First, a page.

The software industry has suffered big changes in the last two decades and the number of companies working on this business domain is growing from year to year. Every year a significant number of software systems is developed or improved. The reuse of software components was found to be a way to ease the development process, and at the same time reduce the costs associated to it. It is widely believed that this technique will enable software developers to create bigger and more complex systems with guarantee on the its quality and reliability. Despite the failures to introduce reuse as a systematic process on the software development, many efforts have been made to achieve this goal.

The decision to reuse raises a spectrum of issues, from requirements negotiation to product selection and integration. All these issues can lead to an incorrect system, and aiming to that a strong demand for formal methods that help programmers to develop correct programs has been present in software engineering for some time now. The Design-by-Contract (DbC) approach to software development facilitates modular verification and certified code reuse.

The contract for a component can be regarded as a form of enriched software documentation that fully specifies the behavior of that component. So, a well-defined annotation can give us most of the information needed to integrate a reusable component in a new system, as it contains crucial information about some constraints safely obtaining the correct behavior from the component.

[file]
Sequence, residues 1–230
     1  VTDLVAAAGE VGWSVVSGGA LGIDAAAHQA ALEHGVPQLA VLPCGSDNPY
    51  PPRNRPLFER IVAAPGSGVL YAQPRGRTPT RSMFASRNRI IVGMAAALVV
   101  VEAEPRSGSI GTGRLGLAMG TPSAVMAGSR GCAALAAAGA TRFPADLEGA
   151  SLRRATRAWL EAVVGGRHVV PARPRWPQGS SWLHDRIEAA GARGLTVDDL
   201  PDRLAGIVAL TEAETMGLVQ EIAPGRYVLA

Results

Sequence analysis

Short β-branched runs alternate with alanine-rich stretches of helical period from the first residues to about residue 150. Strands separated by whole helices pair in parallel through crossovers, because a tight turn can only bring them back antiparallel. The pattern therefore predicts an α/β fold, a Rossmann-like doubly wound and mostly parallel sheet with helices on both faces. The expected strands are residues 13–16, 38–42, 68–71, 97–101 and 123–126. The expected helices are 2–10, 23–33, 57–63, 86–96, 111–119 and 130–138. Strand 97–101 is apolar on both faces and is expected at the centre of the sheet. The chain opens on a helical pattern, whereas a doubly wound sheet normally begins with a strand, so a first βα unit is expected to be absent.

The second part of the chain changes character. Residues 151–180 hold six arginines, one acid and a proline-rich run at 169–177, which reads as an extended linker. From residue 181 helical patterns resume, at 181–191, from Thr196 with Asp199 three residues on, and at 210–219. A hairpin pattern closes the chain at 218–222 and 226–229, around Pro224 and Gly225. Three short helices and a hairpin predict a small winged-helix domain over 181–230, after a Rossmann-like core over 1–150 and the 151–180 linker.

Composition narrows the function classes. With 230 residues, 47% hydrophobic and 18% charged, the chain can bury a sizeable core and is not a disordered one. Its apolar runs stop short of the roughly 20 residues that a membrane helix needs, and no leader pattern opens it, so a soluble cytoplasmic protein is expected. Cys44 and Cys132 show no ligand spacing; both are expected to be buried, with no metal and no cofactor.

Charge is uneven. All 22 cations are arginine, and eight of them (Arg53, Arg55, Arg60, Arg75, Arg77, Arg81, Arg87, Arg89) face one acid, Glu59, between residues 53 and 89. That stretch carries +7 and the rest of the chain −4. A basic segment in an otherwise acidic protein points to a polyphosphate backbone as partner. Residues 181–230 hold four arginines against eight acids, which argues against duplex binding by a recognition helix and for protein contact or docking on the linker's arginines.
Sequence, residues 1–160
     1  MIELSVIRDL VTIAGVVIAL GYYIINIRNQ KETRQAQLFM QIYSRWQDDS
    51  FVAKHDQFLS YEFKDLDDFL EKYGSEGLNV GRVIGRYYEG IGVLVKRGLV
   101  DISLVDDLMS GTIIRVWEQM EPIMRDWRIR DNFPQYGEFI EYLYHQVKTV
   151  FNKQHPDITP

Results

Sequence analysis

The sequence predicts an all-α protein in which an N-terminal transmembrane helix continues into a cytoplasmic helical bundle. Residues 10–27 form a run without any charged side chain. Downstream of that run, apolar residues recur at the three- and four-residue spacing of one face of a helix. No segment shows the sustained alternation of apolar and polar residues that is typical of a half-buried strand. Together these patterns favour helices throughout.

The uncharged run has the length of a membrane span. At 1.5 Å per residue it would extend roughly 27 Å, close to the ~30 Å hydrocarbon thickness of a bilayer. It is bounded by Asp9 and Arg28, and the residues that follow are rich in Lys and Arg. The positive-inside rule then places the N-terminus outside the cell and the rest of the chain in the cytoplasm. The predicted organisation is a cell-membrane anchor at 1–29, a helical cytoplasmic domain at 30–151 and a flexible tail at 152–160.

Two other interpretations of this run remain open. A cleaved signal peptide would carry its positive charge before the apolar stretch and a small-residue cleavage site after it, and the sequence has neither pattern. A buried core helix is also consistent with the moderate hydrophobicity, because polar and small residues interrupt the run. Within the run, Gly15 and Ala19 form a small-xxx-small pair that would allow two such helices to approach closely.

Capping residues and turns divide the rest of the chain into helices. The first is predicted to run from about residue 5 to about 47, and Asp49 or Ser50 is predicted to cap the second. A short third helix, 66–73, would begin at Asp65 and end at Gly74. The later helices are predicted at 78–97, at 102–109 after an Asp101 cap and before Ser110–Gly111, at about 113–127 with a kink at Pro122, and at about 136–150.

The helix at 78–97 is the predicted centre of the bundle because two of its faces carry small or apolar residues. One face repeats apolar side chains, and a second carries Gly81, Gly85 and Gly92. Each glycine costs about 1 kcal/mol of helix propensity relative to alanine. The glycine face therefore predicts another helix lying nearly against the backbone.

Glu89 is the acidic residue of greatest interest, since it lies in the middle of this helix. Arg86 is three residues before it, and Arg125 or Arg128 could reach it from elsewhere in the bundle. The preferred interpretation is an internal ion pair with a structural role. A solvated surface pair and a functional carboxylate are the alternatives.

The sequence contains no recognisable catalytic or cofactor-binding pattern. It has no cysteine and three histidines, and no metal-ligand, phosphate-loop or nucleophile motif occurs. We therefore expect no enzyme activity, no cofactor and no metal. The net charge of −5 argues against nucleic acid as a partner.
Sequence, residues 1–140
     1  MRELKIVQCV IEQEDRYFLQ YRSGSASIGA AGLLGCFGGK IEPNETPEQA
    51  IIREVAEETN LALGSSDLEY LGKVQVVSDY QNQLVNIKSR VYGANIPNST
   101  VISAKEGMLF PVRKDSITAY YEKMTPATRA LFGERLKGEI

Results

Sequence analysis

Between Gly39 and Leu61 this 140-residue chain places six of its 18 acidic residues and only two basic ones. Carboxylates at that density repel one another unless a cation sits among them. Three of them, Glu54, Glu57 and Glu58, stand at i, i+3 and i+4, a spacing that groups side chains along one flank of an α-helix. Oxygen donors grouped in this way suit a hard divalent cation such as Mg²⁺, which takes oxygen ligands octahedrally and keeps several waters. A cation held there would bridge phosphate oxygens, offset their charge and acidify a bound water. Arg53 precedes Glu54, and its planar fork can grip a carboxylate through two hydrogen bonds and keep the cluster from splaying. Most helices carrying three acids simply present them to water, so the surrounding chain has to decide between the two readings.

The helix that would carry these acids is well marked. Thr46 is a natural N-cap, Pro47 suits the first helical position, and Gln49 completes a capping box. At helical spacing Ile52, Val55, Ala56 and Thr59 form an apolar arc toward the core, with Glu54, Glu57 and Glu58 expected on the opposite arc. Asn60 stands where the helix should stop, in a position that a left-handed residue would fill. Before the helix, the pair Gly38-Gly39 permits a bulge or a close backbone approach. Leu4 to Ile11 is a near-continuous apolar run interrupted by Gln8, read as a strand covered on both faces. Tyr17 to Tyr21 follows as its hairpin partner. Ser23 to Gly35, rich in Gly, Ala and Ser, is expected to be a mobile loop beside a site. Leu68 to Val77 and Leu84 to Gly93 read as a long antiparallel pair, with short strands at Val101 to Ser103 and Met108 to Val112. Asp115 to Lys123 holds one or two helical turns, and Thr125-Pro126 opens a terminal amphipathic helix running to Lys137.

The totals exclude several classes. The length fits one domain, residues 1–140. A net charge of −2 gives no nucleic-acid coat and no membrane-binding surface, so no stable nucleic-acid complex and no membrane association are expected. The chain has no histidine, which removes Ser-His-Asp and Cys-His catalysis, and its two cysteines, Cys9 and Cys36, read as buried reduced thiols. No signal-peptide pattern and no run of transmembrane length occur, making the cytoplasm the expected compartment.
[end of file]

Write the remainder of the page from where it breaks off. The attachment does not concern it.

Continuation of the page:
In this context, we say that the annotations can be used to verify the validity of every component invocation; in that way, we can guarantee that a correct system will still be correct after the integration of that component. This is the motivation for our research: to find a way to help on the safety reuse of annotated components.

Motivated by these promises of reuse and Design-by-Contract we developed a tool that allows us to to verify whether a concrete calling context preserves the precondition of the reused component, and display, whenever possible, a diagnostic or guidelines to correct any violation found during the verification. To achieve the objectives listed above, the tool implements the caller-based slicing algorithm, that takes into account the calls of an annotated component to certify that it is being correctly used.